8 Classic Kids' Books Mashed Up With Contemporary Novels

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As a toddler, I loved books so much I memorized them. To this day, I'm still obsessed with titles like Where The Sidewalk Ends, Stellaluna, and Harold and the Purple Crayon, and I have no problem admitting I revisit them all the time. You should, too.

One thing I keep wondering: How much has really changed between my terrible twos and my 20s — with regard to reading, at least? Really, what book-lover doesn’t read her favorite parts aloud to anyone who’ll listen? Who doesn’t scribble exclamation points and hearts in the margins — or at least underline perfect sentences?

With that in mind, I had a little fun thinking about how well my old picture book standbys from childhood would mashup with my latest obsessions — books by authors like Catherine Lacey, Maggie Shipstead, and Etgar Keret. Turns out blending 2s and 20s is pretty fun: for instance, Stellaluna flies to New Zealand and tries to hide among the Kiwis, and Harold wows the New York art scene with his purple crayon.

Come see what else I dreamed up:

Stellaluna + Nobody Is Ever Missing

I loved that sweet baby bat and worried she’d never make it out of the birds' nest and back home. Elyria in Nobody Is Ever Missing is sort of trying to pass for a bird — well, a Kiwi — and the adult version of Stellaluna gives us a darker form of longing.

Where The Sidewalk Ends + The Girl on The Fridge

Both books are outrageously funny and profound. Both feature kids like: “A girl who eats a whale,” “a boy who turns into a TV set,” “a girl parented by a major household appliance,” and “a birthday-party magician whose hat tricks end in horror.” I forget who’s who.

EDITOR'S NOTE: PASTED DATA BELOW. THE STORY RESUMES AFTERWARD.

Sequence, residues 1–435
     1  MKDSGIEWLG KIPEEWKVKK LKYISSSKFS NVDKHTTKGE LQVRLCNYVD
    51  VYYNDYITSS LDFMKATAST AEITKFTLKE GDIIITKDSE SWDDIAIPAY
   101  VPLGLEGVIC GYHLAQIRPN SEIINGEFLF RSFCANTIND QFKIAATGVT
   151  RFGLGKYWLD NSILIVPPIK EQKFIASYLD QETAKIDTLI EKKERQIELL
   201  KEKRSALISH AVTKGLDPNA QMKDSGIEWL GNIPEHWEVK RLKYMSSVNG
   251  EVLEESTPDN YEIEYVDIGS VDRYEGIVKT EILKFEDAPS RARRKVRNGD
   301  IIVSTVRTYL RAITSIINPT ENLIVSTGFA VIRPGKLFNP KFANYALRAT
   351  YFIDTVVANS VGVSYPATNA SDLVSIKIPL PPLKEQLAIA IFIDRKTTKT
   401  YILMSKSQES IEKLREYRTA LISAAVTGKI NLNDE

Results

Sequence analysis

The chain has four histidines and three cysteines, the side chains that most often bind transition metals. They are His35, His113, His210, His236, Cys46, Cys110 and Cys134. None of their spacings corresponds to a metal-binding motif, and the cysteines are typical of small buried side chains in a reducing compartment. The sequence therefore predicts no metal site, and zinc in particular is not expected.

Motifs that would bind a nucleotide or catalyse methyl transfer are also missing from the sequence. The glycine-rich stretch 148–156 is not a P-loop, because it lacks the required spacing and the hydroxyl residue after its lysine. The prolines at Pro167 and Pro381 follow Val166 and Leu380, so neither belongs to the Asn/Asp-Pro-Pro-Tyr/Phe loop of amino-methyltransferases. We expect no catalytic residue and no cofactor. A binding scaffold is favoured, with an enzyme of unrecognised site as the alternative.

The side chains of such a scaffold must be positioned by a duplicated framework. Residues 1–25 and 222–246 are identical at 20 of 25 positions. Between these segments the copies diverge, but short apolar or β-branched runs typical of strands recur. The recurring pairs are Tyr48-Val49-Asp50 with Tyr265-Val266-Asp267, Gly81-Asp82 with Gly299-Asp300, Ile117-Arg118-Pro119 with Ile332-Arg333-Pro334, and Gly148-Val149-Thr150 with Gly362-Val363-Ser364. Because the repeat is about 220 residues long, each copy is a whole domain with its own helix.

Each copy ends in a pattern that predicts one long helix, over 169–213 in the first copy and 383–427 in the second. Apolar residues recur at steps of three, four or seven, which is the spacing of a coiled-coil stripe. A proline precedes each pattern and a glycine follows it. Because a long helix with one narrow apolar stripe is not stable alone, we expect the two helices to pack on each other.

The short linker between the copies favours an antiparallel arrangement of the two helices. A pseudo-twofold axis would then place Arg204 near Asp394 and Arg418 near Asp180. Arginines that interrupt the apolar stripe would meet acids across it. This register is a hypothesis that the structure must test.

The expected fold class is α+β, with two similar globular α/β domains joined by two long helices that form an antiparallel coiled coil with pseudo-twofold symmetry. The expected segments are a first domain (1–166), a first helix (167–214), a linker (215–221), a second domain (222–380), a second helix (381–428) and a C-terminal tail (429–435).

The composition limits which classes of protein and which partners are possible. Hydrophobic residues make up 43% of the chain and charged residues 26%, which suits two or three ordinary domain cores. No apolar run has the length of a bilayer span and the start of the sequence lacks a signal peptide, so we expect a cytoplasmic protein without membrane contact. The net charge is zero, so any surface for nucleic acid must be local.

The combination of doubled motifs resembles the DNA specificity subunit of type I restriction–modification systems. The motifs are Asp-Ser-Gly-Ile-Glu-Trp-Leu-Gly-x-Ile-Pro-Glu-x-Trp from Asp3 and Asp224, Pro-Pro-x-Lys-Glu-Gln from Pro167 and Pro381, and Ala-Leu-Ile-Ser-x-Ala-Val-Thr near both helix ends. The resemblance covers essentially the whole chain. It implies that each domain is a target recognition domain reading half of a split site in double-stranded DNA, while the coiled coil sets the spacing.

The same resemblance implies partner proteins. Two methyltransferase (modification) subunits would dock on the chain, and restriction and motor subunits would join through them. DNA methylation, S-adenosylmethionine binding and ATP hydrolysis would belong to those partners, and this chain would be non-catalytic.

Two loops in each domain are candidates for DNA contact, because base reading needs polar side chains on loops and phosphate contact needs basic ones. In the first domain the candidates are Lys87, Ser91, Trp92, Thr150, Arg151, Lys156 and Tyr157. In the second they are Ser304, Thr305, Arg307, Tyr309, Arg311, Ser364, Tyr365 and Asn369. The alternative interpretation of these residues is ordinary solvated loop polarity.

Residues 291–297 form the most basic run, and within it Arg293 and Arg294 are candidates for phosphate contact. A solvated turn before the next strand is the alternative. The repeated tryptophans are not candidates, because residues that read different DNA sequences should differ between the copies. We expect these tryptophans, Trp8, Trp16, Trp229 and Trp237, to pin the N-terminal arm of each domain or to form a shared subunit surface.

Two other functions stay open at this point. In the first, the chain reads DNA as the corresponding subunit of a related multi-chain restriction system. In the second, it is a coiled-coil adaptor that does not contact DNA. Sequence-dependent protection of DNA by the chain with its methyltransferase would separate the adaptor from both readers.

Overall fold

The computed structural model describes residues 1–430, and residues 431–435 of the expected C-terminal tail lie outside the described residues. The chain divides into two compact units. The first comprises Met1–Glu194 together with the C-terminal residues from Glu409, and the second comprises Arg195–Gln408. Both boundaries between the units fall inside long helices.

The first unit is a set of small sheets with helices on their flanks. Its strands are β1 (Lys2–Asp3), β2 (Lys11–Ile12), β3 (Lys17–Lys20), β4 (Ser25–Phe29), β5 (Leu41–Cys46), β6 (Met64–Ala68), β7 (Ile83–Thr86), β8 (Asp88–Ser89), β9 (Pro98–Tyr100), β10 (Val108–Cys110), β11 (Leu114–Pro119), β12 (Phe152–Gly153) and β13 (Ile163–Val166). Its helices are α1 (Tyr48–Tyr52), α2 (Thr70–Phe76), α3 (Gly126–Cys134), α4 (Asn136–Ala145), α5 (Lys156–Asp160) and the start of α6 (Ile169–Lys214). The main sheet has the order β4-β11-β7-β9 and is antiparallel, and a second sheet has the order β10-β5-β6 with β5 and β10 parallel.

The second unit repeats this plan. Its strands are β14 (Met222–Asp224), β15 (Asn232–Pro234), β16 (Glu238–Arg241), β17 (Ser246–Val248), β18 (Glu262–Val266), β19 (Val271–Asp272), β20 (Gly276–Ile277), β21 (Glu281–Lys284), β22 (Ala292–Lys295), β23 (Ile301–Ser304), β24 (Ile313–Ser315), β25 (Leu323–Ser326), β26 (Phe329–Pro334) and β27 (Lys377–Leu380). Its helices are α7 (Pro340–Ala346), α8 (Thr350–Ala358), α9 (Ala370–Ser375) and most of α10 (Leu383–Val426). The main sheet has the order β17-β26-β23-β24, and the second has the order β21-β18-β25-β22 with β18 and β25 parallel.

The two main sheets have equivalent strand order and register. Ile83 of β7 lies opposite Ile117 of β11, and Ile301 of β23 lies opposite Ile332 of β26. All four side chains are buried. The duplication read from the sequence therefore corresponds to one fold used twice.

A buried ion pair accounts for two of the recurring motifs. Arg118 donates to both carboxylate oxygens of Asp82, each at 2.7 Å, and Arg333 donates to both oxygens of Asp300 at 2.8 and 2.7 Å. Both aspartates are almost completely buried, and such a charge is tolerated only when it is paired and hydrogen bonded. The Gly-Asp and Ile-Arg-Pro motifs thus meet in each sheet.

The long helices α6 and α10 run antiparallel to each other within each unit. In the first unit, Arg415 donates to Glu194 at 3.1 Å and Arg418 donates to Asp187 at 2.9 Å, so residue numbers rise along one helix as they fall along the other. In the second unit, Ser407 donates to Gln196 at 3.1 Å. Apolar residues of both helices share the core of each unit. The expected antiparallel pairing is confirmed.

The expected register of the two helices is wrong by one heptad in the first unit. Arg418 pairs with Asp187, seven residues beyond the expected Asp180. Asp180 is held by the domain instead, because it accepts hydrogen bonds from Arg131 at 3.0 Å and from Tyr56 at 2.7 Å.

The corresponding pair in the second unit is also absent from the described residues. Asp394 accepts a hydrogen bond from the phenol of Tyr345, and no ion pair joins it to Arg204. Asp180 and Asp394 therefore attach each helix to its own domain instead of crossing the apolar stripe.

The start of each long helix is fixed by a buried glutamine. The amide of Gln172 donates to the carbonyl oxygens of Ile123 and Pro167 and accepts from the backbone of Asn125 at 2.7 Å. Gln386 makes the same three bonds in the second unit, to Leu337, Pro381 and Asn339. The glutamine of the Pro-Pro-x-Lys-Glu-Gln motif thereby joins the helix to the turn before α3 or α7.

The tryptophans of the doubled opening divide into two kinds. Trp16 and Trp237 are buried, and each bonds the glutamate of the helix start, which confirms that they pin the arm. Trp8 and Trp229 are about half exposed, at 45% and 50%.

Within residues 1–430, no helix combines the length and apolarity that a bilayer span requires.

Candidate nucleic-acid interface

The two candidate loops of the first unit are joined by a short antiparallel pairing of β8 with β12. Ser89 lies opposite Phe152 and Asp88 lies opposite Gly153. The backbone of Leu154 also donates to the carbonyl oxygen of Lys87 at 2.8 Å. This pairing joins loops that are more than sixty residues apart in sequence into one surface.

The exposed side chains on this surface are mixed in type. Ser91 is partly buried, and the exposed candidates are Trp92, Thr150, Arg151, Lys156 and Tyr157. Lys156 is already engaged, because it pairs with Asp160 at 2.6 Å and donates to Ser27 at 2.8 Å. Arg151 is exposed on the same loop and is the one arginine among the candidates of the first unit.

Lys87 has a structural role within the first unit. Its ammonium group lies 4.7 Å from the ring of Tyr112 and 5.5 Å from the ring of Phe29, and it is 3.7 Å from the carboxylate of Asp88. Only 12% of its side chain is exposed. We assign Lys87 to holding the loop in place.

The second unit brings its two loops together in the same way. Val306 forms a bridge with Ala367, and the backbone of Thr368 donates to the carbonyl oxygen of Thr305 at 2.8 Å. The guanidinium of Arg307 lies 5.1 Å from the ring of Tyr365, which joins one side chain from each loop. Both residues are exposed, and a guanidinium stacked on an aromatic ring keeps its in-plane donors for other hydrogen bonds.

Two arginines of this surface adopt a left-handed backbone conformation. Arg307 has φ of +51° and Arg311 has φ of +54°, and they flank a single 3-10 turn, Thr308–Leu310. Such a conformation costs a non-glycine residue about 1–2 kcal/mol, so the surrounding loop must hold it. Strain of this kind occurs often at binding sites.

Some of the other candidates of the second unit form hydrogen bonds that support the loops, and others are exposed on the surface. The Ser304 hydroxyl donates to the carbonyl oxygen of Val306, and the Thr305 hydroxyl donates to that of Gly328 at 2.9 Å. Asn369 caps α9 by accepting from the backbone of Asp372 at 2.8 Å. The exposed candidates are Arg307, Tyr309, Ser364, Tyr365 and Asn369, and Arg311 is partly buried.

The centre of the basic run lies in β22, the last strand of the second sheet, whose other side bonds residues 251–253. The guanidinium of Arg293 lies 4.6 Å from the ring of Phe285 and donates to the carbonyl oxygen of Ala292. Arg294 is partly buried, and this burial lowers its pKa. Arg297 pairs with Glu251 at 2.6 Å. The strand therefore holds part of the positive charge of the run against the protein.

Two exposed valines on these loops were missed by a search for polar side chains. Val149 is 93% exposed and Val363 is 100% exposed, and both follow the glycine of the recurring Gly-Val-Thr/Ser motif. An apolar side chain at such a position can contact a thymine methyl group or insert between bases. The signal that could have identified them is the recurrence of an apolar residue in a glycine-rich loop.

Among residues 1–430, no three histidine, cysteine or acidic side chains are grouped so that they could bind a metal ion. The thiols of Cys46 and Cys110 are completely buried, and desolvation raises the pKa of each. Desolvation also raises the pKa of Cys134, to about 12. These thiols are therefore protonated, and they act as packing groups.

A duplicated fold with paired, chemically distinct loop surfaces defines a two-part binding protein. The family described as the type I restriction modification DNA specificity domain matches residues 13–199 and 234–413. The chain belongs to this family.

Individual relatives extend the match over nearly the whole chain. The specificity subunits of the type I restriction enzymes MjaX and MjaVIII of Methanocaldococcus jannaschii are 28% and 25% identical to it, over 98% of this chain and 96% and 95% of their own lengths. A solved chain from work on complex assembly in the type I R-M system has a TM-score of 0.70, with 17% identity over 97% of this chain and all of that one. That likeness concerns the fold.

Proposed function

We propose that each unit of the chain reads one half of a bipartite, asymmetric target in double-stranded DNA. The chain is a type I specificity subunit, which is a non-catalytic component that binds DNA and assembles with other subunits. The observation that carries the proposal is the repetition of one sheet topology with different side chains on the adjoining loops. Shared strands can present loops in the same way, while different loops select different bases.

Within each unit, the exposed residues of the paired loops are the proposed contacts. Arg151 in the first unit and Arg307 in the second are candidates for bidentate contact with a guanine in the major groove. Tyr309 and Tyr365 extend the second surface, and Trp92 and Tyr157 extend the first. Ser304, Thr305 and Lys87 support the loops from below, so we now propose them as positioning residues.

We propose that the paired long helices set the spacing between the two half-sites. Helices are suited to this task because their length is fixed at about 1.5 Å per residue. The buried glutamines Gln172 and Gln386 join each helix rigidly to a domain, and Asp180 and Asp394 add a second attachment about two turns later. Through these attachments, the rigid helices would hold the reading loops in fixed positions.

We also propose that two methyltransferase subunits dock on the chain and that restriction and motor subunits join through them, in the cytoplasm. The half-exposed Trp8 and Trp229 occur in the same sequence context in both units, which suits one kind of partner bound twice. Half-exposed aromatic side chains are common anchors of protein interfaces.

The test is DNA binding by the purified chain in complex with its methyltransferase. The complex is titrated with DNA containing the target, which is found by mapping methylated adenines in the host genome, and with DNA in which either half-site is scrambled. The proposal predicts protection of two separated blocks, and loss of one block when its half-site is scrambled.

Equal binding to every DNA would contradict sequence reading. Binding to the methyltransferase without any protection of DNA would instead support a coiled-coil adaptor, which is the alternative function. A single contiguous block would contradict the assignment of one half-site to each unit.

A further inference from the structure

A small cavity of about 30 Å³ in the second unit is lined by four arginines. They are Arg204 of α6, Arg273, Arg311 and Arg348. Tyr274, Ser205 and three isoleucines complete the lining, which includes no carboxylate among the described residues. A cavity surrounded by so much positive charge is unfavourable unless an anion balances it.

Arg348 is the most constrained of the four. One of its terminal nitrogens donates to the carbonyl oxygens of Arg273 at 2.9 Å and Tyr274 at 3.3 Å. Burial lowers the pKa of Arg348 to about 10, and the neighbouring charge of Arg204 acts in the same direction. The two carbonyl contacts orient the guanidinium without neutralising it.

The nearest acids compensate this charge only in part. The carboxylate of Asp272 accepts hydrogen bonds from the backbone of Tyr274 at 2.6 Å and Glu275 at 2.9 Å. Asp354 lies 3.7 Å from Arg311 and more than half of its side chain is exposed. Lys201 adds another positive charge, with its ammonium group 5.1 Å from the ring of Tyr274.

Angelina Ballerina + Astonish Me

As a child, Angelina never stopped dancing, and as an adult she still can’t quit ballet. Neither can her son. Wait, which book are we talking about?

The Runaway Bunny + Where’d You Go, Bernadette

Maria Semple references The Runaway Bunny throughout her novel, and it’s true — the mother-daughter pairs in both books love each other so much they travel to the end of the earth to reunite.

Harold and the Purple Crayon + The Blazing World

As an adult, Harold (“Harry”) continues working in the medium of purple crayon, eventually becoming a new masking for Harriet (“Harry”) Burden. So which Harry said it? "We live inside our categories and we believe in them, but they often get scrambled. The scrambling is what interests me. The mess."

Corduroy + The Curious Incident of the Dog in the Night-time

"Curious" probably makes you think of George, but lovable, focused Corduroy is the childhood protagonist who most matches Christopher. The kid-friendly mystery of a missing button gets darker and more complex in its grownup form.

The Giving Tree + The Days of Abandonment

After the tree stump gives up everything for the boy she loves, does he thank her? Does he apologize? Nope, he sits on her. The grown up Giving Tree is Elena Ferrante’s crass and compulsive Olga. Don’t pity her. She’s no chopped-down Poverella; she’s fighting back.

Alexander and the Terrible, Horrible, No Good, Very Bad Day + The Love Affairs of Nathaniel P.

Can't you see grumpy, pessimistic Alexander growing up and moving to Brooklyn, dating editorial assistants, and grumbling about how bad he has it, until he reminds himself he has a book deal, gets a girlfriend, and realizes things are pretty great after all? Me too.

Images: Nichole LeFebvre